Monday 6 February 2023

Brain-dead women should be used as surrogates for anyone wishing to avoid 'burdens of gestating a foetus in their own body,' professor proposes

 A recent report by a Norwegian professor proposed that brain-dead women, and even men, should be used as surrogates "for anyone who wishes to avoid the risks and burdens of gestating a foetus in their own body."

According to a report published in the Journal of Theoretical Medicine and Bioethics titled "Whole Body Gestational Donation" by Anna Smajdor, a professor of practical philosophy at the University of Oslo, Norway, "Whole body gestational donation offers an alternative means of gestation for prospective parents who wish to have children but cannot, or prefer not to, gestate."

Smajdor stated that pregnancies could be carried to term in brain-dead women, and there is no medical reason it would not be possible.

"It seems plausible that some people would be prepared to consider donating their whole bodies for gestational purposes just as some people donate parts of their bodies for organ donation," Smajdor claims.

The report proposed implementing the existing organ donation framework to allow potential candidates to consent to become whole body gestational donors.

Smajdor addressed possible feminist concerns over WBGD and suggested that brain-stem-dead men could also be used for gestation, expanding the pool of potential donors.

"The prospect of the unconscious woman's body, filled and used by others as a vessel, is a vivid illustration of just what feminists have fought against for many years," the report stated. "The prospect of male pregnancy is not, as many would imagine, fanciful, or a piece of science fiction."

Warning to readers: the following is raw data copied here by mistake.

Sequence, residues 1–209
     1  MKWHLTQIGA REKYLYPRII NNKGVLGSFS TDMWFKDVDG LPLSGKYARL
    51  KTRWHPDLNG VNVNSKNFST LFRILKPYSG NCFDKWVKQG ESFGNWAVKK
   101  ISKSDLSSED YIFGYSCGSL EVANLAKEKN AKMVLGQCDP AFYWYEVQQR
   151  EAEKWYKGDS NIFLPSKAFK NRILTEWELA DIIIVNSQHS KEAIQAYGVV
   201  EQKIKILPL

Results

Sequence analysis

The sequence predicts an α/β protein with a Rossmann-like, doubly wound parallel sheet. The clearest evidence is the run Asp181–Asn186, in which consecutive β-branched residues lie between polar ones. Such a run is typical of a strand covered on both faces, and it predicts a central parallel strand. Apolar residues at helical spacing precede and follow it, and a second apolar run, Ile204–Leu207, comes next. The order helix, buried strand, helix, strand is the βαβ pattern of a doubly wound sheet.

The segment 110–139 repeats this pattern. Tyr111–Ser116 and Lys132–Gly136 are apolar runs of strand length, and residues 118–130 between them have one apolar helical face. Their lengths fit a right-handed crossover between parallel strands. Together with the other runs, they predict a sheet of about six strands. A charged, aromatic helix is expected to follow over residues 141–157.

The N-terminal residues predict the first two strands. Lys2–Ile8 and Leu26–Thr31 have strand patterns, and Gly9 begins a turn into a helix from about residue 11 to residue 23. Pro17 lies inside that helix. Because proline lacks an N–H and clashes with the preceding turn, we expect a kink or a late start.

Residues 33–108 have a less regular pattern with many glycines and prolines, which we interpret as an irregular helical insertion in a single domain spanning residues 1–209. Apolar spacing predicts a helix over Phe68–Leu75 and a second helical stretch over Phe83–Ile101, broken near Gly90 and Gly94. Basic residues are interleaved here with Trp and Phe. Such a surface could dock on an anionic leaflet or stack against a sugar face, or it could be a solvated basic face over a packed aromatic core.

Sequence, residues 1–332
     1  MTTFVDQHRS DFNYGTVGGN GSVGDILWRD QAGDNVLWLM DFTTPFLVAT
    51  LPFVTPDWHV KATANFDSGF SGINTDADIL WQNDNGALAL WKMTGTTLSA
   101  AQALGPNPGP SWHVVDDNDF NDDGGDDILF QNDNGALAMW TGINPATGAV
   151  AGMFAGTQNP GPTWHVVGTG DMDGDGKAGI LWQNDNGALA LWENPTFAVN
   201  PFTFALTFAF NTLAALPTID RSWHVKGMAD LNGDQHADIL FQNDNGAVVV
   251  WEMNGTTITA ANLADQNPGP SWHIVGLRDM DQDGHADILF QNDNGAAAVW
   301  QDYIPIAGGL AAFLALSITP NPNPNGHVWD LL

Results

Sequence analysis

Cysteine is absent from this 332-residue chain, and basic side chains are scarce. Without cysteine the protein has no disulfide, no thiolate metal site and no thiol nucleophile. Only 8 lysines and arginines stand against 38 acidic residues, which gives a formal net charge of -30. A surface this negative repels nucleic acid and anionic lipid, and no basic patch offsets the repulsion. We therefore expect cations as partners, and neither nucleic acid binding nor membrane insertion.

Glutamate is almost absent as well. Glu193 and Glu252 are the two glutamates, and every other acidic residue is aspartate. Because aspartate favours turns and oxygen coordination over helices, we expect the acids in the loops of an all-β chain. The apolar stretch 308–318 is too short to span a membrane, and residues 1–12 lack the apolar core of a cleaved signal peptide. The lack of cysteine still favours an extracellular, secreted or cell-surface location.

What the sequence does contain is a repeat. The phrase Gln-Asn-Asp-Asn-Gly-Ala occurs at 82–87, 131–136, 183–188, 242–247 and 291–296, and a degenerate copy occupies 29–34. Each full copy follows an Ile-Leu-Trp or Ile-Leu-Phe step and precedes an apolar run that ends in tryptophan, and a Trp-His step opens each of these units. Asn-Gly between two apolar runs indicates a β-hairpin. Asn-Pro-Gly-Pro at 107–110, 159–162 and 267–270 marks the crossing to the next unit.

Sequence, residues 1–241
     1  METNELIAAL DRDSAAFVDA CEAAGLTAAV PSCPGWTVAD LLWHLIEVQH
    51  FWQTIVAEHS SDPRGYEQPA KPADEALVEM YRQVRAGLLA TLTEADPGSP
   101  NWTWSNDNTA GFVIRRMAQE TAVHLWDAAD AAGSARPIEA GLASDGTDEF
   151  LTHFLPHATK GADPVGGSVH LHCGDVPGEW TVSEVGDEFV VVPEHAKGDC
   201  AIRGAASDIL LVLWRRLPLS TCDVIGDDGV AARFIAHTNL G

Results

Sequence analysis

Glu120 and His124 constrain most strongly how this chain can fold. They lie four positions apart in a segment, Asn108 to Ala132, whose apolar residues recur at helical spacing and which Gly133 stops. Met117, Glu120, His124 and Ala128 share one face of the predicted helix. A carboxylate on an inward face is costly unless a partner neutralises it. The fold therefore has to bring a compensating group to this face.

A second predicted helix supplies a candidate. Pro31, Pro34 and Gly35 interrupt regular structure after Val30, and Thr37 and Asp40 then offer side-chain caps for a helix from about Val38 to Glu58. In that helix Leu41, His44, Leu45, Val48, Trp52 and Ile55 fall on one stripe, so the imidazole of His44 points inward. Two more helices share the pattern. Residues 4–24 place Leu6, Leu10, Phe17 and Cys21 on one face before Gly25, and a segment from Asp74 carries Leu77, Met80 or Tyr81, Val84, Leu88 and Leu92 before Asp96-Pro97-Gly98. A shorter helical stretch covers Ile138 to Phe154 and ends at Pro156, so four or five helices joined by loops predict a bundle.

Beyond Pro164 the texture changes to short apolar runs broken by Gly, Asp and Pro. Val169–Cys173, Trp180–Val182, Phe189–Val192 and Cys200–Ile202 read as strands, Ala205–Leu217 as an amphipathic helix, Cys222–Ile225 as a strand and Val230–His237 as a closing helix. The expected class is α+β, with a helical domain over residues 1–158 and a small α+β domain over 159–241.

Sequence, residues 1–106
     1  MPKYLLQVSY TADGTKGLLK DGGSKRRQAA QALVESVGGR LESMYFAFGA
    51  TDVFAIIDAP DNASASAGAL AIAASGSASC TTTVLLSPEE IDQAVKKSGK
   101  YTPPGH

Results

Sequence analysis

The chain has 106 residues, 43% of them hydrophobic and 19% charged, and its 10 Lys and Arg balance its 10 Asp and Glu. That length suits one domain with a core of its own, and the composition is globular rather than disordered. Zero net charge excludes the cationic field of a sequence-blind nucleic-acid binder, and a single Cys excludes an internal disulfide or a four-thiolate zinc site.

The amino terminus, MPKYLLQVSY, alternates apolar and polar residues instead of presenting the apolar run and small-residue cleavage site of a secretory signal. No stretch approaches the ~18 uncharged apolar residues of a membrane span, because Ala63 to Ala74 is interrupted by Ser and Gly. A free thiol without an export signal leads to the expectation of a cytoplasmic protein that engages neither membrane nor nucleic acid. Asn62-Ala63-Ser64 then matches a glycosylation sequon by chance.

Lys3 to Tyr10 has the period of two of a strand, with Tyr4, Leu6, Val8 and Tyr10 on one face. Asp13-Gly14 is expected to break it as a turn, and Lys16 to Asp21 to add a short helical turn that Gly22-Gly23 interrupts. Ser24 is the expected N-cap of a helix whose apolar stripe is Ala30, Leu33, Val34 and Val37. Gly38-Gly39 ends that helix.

Smajdor admits that the proposal may be "undoubtedly a disturbing" and "disconcerting" prospect to some.

"Of course, this proposal may seem shocking to some people," Smajdor stated. "Nevertheless, as I have shown, if we accept that our current approach to organ donation and reproductive medicine are sound, WBGD donation seems to follow relatively smoothly from procedures that we are already undertaking separately."

The report argued that "pregnancy and childbirth carry significant health risks, even in affluent settings with sophisticated healthcare systems," while WBGD poses no risks to donors since they are already dead.

Smajdor claimed that pregnancy has more significant risks in terms of morbidity and mortality than measles. She argued that the medicinal industry devoted time and resources to eradicating measles but not to risks associated with pregnancy and childbirth.

"To expose oneself to risks comparable to pregnancy and childbirth would be deemed foolish and pathological in any other context," Smajdor noted. "Yet concerted medical efforts are focussed on ridding ourselves of measles, while women are expected to submit themselves to the greater risks of pregnancy and childbirth almost without thinking about it."

"We cannot yet forgo the uterus altogether for the reproduction of our species," the report stated. "But we can transfer the risks of gestation to those who are no longer able to be harmed by them."

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